After reading this chapter, I pulled out a new recipe I had wanted to try (Chicken with a Mango salsa, in case you are wondering) and never was I more aware of what I was doing then that day when I prepared that meal. I was so aware of texture and color. I consciously took time to actually feel what I was doing and was caught up in the rich smells: fresh cilantro, ripe mango, ginger, garlic, lime. I took extra care in setting the table for our family and guests. I searched for a toast/blessing that would fit the occasion and would express what I was feeling:

Thanksgiving
By Ralph Waldo Emerson

For each new morning with its light,
For rest and shelter of the night,
For health and food,
For love and friends,
For everything Thy goodness sends.

It was a completely different experience from start to finish because of the “noticing” I experienced at every step, and the gratitude I felt for God’s “superabundance”, and I understood more clearly how this is a part of Sabbath: “the stunning simplicity of learning to see again” (Jurgen Mottman, 67) and taste again!

The Sabbath calls us out of auto-pilot. It calls us out of routine and isolation; it says, “Don’t just eat on-the-run,” have a shared experience with other human beings and as you have this communal time “…be struck dumb by the beauty of the Trinity” (67).

We live in a day where people are craving; too often though, our senses are misdirected. Our senses “deceive us in thinking we have discovered God only to have found a trace, not the real presence” (74). We live in a day where people are hurting themselves just to feel alive!

We crave reality – both pain and pleasure – so much that many young people cut themselves, saying, “I just want to feel something.” (74)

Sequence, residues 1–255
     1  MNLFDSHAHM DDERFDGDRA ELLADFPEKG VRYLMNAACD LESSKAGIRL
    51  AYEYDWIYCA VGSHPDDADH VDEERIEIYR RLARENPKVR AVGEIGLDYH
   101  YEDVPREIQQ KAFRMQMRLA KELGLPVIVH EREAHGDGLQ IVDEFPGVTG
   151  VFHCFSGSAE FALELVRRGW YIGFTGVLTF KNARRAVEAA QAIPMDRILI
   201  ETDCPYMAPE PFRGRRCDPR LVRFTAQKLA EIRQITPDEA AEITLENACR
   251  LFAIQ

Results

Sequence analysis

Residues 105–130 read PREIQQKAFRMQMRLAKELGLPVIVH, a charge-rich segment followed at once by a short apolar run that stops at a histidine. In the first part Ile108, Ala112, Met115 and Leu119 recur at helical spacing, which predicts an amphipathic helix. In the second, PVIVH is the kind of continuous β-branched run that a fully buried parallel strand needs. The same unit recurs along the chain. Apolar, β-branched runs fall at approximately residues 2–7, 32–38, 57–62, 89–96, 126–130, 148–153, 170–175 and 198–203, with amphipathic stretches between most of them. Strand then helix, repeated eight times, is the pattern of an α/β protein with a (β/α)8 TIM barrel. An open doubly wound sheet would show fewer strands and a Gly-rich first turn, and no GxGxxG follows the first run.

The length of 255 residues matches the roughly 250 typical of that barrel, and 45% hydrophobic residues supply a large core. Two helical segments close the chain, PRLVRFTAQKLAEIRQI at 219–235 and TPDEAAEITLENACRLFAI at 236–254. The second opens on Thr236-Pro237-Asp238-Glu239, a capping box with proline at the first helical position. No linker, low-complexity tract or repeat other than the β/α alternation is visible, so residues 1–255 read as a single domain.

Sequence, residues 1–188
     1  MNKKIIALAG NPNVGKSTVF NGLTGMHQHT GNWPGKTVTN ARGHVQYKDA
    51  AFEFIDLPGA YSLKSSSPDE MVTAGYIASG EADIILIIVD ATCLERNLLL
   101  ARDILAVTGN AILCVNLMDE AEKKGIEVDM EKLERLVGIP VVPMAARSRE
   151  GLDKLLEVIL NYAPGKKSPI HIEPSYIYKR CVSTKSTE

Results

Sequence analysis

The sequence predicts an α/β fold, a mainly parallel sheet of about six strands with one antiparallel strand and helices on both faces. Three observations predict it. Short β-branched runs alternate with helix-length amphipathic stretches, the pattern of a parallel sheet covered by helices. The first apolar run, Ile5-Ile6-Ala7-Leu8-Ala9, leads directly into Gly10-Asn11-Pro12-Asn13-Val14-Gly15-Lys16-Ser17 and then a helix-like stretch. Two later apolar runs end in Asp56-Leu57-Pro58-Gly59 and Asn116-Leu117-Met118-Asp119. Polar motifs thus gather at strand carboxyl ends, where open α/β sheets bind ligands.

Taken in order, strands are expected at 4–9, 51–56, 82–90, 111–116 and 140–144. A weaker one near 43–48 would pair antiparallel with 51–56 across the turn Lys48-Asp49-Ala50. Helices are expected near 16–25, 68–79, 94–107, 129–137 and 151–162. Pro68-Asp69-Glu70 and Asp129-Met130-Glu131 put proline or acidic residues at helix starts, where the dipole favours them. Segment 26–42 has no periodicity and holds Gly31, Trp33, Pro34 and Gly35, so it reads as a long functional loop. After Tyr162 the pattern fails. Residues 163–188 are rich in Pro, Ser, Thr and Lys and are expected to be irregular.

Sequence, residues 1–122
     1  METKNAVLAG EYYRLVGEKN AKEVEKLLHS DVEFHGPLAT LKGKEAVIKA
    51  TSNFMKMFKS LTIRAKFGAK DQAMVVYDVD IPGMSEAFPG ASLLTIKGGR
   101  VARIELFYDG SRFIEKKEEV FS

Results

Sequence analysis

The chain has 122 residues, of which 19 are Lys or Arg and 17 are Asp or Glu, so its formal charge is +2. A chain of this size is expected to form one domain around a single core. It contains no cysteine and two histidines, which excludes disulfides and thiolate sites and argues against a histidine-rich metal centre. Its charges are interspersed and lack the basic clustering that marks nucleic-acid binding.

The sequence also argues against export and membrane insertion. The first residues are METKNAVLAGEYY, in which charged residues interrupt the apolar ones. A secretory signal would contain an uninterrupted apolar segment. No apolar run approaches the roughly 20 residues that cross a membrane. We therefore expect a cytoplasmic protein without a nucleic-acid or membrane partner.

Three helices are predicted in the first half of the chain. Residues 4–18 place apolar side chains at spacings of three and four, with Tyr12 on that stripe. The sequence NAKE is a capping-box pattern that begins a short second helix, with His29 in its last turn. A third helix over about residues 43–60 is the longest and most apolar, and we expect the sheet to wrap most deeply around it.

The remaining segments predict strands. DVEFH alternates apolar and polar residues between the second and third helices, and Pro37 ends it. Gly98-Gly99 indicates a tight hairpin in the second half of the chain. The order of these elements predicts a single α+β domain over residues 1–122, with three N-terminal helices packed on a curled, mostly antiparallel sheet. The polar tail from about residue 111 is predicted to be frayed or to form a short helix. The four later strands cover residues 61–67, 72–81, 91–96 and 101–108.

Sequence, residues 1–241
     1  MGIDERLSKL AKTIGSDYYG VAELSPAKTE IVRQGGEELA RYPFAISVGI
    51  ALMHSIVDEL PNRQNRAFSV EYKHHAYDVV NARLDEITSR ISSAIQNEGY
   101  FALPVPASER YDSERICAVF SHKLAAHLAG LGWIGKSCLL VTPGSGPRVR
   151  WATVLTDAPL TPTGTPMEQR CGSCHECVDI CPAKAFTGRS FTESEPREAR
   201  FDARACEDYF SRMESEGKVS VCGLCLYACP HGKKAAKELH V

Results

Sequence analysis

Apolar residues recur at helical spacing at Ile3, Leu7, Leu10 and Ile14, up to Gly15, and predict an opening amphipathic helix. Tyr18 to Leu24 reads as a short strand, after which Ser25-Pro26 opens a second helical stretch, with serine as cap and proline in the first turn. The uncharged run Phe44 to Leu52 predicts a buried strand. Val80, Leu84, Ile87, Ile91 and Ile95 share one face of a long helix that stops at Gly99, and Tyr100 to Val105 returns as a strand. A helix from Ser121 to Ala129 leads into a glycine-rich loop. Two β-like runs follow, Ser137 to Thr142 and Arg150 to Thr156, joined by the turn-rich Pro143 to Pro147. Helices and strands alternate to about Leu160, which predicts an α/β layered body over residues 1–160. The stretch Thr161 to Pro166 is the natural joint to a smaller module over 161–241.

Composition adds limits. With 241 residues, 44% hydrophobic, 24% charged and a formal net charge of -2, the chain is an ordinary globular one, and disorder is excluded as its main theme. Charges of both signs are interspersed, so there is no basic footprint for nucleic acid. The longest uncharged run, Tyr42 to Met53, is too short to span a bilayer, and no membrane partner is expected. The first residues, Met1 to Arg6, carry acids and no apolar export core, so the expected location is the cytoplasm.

How this must break the heart of God when we charge ahead, trampling over the 4th commandment calling us to honor a Sabbath day. Right from the beginning He gave us the gift of a day to shake off the dust of the earth and feast on “lavish, sensuous delight” (79).

Allender shares a story at the end of the chapter of a feast he shared with a family in Ethiopia. He writes about the carefully prepared food and then how they ate together. As they ate, the father shared stories about each of his children. He was so proud of them and their “feats of bravery, wisdom and kindness” and the kids beamed as he talked about them.

Allender asks: What would it be like to hear a father talk about you with such joy?

“What if the Sabbath is creating space to hear the Father speak to us as his beloved as he serves us as the Host? The day is ours, given to us, by the Trinity for our entry into the wild wonder of Jesus’ love for us” (80).

The Sabbath calls me to plan a feast, to think it through, to do the work before the day, to surprise others and myself with something good. The Sabbath says, invite some people and mix in some weary travelers, and see the beauty of things together: “the flowers and the sunset, a painting or a vase or a beloved person with unintentional/unexpected pleasure” (67)

So feast! It is a rumor of things to come…

— Teresa Klassen